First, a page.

In 1945, Europe lay in ruins. Its cities were devastated, its industries destroyed, and millions of its people homeless. The key to the recovery of Western Europe lay with the Marshall Plan, a decisive tool for the United States to rebuild Europe after World War II.
Seventy years later, history may be repeating itself. Only this time it is China that is the strategic benefactor with the United States playing the role of the post-war Soviet Union, on the outside looking in as China strategically uses its largesse to develop lucrative new markets.
In June 1947, Secretary of State George C. Marshall, gave a speech at Harvard’s commencement announcing a plan to provide economic assistance to all European nations, including the Soviet Union. Although Russia and its Eastern satellites predictably rejected the plan, 16 Western European nations eagerly participated.
The Marshall Plan, the largest peacetime foreign aid program in U.S. history, channeled over $13 billion of American aid (some $150 billion in 2017 dollars) into 16 Western European countries between 1948 and 1952, to help them rebuild their economies and normalize their societies. The Congressional Research Service estimates the plan’s 1949 appropriation accounted for 12 percent of the entire federal budget.
But the Marshall Plan was more than economic and financial aid; it was a way for the United States to promote its anti-communist agenda, rebuild the economies of the recipient countries and make them prosperous enough to buy large quantities of American goods. By the end of 1950, European industrial production had risen 64 percent, communist strength was declining in Western Europe and opportunities for American trade had revived.
The Marshall Plan boosted American exports, manufacturing, and employment, and led to the economies of the participating countries surpassing pre-war levels. In the two decades that followed, Western Europe achieved unprecedented growth and prosperity.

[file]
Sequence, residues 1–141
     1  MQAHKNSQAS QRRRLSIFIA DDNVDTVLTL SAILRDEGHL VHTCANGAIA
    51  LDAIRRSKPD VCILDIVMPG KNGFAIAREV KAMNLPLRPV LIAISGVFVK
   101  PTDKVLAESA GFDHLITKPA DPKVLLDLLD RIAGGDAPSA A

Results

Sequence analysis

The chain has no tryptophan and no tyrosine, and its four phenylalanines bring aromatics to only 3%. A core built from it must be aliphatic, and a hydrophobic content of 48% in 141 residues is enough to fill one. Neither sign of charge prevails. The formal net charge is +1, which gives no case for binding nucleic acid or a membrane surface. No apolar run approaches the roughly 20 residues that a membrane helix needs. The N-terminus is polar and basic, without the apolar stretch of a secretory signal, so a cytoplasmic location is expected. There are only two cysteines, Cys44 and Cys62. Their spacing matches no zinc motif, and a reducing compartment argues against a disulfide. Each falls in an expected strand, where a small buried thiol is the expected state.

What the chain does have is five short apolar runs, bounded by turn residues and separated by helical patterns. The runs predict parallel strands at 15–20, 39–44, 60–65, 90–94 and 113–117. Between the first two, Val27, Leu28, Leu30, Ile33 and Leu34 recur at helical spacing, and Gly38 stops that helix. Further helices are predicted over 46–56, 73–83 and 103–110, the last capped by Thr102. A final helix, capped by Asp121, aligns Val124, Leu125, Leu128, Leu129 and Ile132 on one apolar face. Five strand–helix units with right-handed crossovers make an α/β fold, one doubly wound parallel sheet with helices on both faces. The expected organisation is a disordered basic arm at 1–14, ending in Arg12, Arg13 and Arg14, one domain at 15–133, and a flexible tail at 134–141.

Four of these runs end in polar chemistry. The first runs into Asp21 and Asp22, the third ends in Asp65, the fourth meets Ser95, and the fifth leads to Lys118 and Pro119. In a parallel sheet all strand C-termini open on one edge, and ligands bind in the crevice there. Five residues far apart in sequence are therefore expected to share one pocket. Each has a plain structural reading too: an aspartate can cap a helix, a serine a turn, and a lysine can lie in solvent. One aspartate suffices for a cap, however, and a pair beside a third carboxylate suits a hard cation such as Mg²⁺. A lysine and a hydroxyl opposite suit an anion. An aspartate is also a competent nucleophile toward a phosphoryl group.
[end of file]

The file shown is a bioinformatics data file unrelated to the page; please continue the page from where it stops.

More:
American goods flooded eastward and political and economic ties with Western Europe grew even stronger. One unintended consequence is that it later made it possible for Western European companies to compete against American business in the automobile and other industries.
Some observers have compared China’s ambitious new endeavor, the so-called Belt and Road Initiative unveiled in 2013, to the Marshall Plan as a game-changing effort to revolutionize trade and recast many long- standing relationships. The multi-trillion-dollar proposal is China’s largest economic and foreign policy undertaking since the founding of the People’s Republic. The infrastructure plan that spans more than 60 countries, about 65 percent of the world’s population and about one-third of the global economy, would spread Chinese investment and influence across Asia, Europe, and Africa.
The “belt” refers to a land route from western China through Central Asia to Europe; the “road” links to Europe by sea, connecting the country with Southeast Asia, the Middle East, and North Africa. The initiative has gained momentum thanks to the decline of American influence in East Asia in the wake of withdrawing first from the Trans-Pacific Partnership and then the Paris climate agreement.
After World War II, the United States needed to export excess capacity. Today, China’s economic growth is slowing and it too is looking for new markets. And just as the Marshall Plan was a blueprint for undermining the influence of the Soviet Union, so can the Belt and Road Initiative marginalize U.S. influence by improving relations with traditional American allies.
As German Chancellor Angela Merkel, Europe’s most influential leader, said after three days of trans-Atlantic meetings, “The times in which we can fully count on others are somewhat over.” She was referring to America’s positions on NATO, Russia, climate change, trade and its apparent relinquishing of a leadership role in world affairs contributing to a post-hegemonic era in which no country has a dominate role.
If she’s right, it could mark the end of 70 years of American world leadership.
originally published: June 24, 2017